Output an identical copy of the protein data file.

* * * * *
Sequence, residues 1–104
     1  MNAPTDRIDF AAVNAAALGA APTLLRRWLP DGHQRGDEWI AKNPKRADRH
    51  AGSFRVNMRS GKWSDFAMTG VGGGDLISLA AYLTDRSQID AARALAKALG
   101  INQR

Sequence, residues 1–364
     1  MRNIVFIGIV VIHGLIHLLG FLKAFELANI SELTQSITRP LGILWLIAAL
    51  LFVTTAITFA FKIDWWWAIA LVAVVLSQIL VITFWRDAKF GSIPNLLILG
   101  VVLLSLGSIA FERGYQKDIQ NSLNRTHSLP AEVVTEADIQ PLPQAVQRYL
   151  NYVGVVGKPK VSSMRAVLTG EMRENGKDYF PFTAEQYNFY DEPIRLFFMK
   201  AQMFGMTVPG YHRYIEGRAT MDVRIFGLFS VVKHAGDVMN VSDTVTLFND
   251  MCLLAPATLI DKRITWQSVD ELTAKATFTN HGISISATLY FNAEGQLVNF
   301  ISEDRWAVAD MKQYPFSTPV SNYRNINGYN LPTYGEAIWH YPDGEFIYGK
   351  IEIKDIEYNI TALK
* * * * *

Sequence, residues 1–104
     1  MNAPTDRIDF AAVNAAALGA APTLLRRWLP DGHQRGDEWI AKNPKRADRH
    51  AGSFRVNMRS GKWSDFAMTG VGGGDLISLA AYLTDRSQID AARALAKALG
   101  INQR

Sequence, residues 1–364
     1  MRNIVFIGIV VIHGLIHLLG FLKAFELANI SELTQSITRP LGILWLIAAL
    51  LFVTTAITFA FKIDWWWAIA LVAVVLSQIL VITFWRDAKF GSIPNLLILG
   101  VVLLSLGSIA FERGYQKDIQ NSLNRTHSLP AEVVTEADIQ PLPQAVQRYL
   151  NYVGVVGKPK VSSMRAVLTG EMRENGKDYF PFTAEQYNFY DEPIRLFFMK
   201  AQMFGMTVPG YHRYIEGRAT MDVRIFGLFS VVKHAGDVMN VSDTVTLFND
   251  MCLLAPATLI DKRITWQSVD ELTAKATFTN HGISISATLY FNAEGQLVNF
   301  ISEDRWAVAD MKQYPFSTPV SNYRNINGYN LPTYGEAIWH YPDGEFIYGK
   351  IEIKDIEYNI TALK